Cross Browser Testing & Test Automation with Protractor and Browserstack


Cross-Browser Testing, what’s that for?

Did you just come up with this new brilliant web app idea and you are now wondering how to make sure it works on all devices? or do you already have an up & running web app but your users are tired of reporting new browser-specific issues everyday?

In both cases, this post is for YOU!

Today, we, web users, want to browse the same web on our laptops, tablets, phones and watches. If your web app works great on Chrome desktop but is partly broken everywhere else then you might probably lose 60% to 80% of your audience!

Now, you are probably thinking “but, with HTML 5 standard isn’t it just the same on all devices? Am I not safe with abstraction tools like AngularJS / Angular Material / Bootstrap / Less/ Sass?”. Well, that’s what we were naively expecting when we started Wishtack and we were surprised to discover all the variations between browsers and the related issues.

Just to name some:

  • Flexbox wrapping issues with Safari & Internet Explorer. It’s currently impossible to use flexbox wrapping with a list of flex items. Elements must have fixed dimensions.

  • In some conditions AngularJS’s “ng-submit” is broken on IOS since IOS 8.0.

  • The way browsers handle relative element’s height differently.

Cross-browser testing is thus essential for you web app’s success!

Browsers & devices you should prioritize in your Cross-Browser Testing

There are hundreds of devices and browsers out there and you probably can’t test them all so you’ll have to choose those who cover most of your audience.

If your web app is not live yet then you can use public stats like this one

Otherwise, we recommend to generate this list using your current audience statistics.

This can be achieved with Google Analytics:

  1. On the side menu, go to “Audience => Technology => Browser & OS”.

  2. Choose “Operating System” as primary dimension.

  3. Choose “Browser” as secondary dimension.

And you should get something like this:

Or if you are using Splunk (download it for free on or run it directly using Amazon AWS

  1. Install the following add-on:

  2. Copy the following search query, replace “user_agent” by your user agent field and run it on Splunk:

| search *
| lookup user_agents http_user_agent as user_agent
| replace "unknown" with "" in ua_device, ua_os_major, ua_os_minor
| replace "Windows*" with "Windows" in ua_os_family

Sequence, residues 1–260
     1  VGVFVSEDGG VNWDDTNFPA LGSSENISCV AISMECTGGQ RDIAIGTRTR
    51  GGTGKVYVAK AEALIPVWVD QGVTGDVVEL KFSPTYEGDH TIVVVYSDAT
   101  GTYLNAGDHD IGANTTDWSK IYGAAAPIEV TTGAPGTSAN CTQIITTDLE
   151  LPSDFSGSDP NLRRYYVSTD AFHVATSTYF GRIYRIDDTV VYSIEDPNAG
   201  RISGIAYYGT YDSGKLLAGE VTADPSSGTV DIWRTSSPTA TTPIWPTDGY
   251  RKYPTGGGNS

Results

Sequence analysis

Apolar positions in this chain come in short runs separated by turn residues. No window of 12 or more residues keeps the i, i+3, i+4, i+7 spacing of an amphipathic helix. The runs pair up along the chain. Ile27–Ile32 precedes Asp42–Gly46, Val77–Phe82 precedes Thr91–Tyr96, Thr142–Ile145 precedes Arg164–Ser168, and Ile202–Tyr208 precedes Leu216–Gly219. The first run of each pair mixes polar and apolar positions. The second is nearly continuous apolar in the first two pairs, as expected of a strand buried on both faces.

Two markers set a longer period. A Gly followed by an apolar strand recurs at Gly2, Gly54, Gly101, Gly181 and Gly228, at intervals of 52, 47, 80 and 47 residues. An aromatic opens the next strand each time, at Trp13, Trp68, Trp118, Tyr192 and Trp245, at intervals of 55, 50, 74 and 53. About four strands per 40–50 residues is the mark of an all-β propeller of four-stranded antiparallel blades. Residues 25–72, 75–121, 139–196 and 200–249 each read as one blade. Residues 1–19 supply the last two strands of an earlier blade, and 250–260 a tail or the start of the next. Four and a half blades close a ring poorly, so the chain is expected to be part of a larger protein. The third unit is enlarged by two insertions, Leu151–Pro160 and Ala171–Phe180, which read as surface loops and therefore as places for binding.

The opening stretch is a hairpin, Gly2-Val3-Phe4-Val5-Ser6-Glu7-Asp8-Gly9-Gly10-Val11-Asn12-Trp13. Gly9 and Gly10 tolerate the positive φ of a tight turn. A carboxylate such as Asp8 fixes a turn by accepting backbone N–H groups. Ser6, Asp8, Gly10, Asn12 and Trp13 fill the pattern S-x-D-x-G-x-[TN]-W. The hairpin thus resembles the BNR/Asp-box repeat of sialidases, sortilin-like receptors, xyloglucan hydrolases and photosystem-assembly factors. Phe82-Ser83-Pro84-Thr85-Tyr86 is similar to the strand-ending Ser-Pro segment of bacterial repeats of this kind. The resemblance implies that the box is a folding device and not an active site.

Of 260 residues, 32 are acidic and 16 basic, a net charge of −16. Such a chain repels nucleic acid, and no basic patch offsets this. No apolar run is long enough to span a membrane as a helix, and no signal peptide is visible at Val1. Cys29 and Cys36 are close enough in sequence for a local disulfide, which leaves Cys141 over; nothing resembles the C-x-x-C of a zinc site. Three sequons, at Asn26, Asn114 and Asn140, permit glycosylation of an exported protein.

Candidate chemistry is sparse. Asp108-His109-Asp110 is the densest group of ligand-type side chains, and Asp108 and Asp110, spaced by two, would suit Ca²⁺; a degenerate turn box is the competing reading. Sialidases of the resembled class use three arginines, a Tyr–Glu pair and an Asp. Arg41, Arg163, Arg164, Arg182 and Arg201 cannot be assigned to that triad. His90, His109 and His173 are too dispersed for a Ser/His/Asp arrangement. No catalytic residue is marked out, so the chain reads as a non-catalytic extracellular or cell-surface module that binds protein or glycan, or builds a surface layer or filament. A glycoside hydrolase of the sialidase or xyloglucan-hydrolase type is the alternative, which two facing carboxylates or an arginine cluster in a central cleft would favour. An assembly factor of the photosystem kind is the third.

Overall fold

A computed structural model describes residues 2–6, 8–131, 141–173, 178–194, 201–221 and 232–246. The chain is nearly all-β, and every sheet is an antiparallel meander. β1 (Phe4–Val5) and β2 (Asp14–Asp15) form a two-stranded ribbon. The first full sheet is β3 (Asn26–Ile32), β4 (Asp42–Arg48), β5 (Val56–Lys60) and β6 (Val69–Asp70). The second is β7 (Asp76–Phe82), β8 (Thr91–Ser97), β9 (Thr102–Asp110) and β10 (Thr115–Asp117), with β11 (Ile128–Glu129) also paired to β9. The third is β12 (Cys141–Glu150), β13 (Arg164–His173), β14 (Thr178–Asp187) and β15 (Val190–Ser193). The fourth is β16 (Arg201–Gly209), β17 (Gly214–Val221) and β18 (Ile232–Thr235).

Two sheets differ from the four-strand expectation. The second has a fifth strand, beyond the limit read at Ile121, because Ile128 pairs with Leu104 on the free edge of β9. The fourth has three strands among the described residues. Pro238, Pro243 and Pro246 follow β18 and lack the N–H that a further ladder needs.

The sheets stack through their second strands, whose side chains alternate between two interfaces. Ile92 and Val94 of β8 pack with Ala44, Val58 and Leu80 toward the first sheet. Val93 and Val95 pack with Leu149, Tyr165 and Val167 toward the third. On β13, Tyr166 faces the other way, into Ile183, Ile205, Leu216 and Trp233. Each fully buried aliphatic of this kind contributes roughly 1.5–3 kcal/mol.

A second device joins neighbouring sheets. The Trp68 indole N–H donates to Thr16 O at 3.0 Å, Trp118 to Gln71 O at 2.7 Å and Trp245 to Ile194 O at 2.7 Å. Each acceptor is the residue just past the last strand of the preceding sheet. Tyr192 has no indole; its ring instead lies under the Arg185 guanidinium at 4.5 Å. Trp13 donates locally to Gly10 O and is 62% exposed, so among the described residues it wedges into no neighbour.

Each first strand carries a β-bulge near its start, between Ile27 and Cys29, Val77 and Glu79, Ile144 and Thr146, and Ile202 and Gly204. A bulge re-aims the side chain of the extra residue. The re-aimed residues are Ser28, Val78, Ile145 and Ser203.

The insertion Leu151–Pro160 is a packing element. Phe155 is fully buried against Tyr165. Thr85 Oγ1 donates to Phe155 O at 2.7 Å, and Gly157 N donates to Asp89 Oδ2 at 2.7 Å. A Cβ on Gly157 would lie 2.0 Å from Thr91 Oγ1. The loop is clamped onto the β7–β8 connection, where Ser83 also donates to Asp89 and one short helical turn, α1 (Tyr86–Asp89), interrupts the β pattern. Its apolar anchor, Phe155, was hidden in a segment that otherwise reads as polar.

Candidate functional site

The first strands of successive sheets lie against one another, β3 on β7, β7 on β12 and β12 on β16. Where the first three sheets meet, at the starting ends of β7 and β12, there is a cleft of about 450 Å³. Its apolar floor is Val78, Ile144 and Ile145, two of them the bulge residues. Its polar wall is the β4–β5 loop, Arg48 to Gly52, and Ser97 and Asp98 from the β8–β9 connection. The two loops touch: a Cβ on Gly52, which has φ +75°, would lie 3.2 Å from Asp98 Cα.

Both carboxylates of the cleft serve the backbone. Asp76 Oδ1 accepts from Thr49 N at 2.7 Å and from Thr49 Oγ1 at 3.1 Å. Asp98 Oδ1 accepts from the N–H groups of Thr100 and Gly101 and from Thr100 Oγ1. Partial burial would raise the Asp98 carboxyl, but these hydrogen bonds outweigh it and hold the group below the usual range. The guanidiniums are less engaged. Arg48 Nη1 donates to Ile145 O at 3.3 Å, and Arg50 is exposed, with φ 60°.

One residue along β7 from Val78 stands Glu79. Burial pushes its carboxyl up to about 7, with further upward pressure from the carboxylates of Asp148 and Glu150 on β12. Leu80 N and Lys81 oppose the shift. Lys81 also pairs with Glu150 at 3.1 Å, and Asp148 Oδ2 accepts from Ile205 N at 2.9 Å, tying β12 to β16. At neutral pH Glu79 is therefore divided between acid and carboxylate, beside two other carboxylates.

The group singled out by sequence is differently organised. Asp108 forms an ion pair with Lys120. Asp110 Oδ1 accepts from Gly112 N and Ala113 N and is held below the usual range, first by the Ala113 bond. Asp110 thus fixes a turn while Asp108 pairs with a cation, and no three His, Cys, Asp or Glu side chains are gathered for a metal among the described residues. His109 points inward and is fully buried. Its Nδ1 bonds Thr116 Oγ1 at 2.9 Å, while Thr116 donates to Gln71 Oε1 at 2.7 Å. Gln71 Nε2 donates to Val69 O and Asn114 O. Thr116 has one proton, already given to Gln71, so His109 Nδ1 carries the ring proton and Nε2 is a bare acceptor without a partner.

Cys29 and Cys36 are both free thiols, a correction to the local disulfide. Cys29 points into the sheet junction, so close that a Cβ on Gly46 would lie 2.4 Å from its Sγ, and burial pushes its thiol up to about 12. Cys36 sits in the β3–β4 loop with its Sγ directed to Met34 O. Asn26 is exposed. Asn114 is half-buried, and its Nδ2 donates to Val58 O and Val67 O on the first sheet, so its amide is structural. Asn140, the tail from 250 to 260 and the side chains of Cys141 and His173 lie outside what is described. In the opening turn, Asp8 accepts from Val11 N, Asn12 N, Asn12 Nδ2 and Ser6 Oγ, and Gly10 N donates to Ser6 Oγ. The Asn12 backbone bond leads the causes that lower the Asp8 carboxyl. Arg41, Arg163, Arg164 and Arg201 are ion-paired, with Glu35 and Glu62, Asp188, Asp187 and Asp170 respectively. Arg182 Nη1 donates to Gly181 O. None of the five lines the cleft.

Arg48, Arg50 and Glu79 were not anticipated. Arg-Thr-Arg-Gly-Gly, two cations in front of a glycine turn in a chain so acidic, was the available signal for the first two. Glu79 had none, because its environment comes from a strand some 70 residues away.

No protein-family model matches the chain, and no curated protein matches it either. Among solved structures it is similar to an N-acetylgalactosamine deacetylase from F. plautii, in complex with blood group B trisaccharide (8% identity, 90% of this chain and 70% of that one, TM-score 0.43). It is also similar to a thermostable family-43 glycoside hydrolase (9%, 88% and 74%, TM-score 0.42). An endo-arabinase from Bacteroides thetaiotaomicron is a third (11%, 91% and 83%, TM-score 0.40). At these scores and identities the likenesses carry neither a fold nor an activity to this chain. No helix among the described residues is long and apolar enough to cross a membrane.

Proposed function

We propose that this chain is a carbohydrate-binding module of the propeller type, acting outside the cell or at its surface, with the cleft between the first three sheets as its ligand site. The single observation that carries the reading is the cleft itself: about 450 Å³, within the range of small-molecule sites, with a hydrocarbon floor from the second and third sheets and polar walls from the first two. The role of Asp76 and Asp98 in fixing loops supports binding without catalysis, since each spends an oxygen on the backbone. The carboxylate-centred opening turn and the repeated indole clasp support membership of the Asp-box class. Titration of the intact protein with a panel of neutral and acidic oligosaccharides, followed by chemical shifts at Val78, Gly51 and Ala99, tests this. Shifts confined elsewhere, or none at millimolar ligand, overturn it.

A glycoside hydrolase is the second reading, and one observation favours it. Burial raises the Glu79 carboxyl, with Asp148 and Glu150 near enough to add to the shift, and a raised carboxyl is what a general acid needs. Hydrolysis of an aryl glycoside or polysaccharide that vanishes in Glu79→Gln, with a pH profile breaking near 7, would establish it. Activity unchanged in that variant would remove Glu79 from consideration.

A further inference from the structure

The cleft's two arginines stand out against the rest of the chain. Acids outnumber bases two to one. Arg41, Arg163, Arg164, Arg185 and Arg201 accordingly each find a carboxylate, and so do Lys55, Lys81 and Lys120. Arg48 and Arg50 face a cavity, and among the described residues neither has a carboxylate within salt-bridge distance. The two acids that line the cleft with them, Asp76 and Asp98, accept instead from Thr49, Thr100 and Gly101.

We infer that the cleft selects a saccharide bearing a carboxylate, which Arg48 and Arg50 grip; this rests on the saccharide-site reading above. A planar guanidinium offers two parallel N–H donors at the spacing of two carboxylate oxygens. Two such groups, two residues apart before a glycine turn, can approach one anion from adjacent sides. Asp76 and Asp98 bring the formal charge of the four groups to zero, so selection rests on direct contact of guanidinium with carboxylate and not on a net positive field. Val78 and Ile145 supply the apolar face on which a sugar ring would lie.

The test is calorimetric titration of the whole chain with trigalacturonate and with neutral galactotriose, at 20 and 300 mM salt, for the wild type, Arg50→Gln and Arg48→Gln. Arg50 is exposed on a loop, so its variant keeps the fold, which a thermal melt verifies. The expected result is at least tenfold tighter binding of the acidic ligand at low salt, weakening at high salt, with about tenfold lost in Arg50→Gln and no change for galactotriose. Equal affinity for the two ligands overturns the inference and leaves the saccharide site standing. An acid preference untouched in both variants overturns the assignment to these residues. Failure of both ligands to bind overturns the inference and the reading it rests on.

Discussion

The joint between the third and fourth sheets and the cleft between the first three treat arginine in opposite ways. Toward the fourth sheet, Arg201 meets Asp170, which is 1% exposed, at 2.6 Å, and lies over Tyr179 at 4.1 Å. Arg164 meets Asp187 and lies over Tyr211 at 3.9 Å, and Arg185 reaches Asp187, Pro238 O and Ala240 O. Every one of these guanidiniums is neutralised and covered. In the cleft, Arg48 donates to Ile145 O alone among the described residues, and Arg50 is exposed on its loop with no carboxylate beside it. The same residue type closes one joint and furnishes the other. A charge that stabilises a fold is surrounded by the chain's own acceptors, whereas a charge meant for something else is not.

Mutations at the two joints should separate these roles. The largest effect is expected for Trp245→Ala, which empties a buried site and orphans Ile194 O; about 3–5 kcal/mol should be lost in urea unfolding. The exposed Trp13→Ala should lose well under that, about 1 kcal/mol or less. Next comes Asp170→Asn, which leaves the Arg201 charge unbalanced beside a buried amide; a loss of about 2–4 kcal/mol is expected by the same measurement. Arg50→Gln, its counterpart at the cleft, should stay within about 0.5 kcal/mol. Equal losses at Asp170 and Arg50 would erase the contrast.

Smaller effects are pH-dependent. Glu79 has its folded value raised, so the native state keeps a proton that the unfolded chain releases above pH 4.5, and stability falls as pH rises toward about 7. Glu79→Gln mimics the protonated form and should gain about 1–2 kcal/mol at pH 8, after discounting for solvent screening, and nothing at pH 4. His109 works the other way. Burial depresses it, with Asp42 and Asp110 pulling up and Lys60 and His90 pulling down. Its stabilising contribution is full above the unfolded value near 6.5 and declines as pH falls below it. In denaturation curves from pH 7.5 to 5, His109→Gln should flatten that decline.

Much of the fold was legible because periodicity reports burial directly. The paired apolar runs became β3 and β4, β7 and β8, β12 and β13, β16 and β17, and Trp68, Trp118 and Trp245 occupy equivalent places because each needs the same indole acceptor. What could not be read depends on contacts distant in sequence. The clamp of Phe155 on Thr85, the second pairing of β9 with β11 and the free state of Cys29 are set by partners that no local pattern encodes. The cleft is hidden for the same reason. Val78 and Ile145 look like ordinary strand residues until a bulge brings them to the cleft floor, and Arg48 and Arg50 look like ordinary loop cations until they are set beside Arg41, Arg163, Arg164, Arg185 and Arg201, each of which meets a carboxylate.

| eval user_agent=ua_os_family + " - " + ua_family
| regex user_agent!="(unknown|PhantomJS)"
| dedup address user_agent
| eventstats count(address) as total
| stats count(address) as count by user_agent, total
| eval percentage=(count * 100/total)
| table percentage user_agent
| eval percentage=round(percentage, 2)
| sort -percentage
| streamstats sum(percentage) as cumulative_percentage

We didn’t include OS and browser versions in order to reduce the list’s length but we recommend adding them to know which versions to prioritize in your cross-browser testing.


As you can see, by testing the most popular os / browser combination, which in our case is a “Windows – Chrome 41”, we would only cover 21.57% of Wishtack audience.

By adding latest versions of other popular combinations like “IOS – Safari”, “OS X – Safari”, “Windows – IE”, “Windows – Firefox” and “Android – Chrome”, we would cover 74.42% of Wishtack audience.

In theory, there shouldn’t be any big difference between major versions of browsers like Chrome 40 and Chrome 42 but it mainly depends of the browser features your web app is using. In that optimistic case, as you can see on the first table, we should have a cross-browser testing coverage rate of 89.11%.

Responsiveness Testing

Now that you have selected the browsers to include in your cross-browser testing, you probably want to know if your web app’s responsiveness is doing well.

There are at least four solutions:

  1. Buying IOS and Android devices of different sizes.

  2. Using google chrome’s device mode:

  3. Using Browserstack.

  4. Run your automated tests with different resolutions. (see Cross-browser Test Automation)

Empty your pockets or simply use Browserstack

As you are probably expecting, buying all the devices you want to test can get really expensive and you will at least need the following:

  • MacBook (for OS X testing): $1200

  • iPhone 6: $650

  • iPad: $500

  • Nexus 5: $450

  • Nexus 7: $200

This makes a total of $3000 per tester and you’ll have to upgrade your gear every year. Plus, you are not covering that much of your audience with this.

That’s when Browserstack comes to the rescue!

Browserstack is a cloud service that allows you to connect instantly to:

  • OS X and Windows virtual machines with hundreds of os and browser versions combinations.

  • Android devices emulators.

  • IOS devices simulators.

  • And even real android and IOS devices controlled using Appium.

They have an attractive pricing that starts at $29 per month and which gives you access to all these browsers and devices in just one click.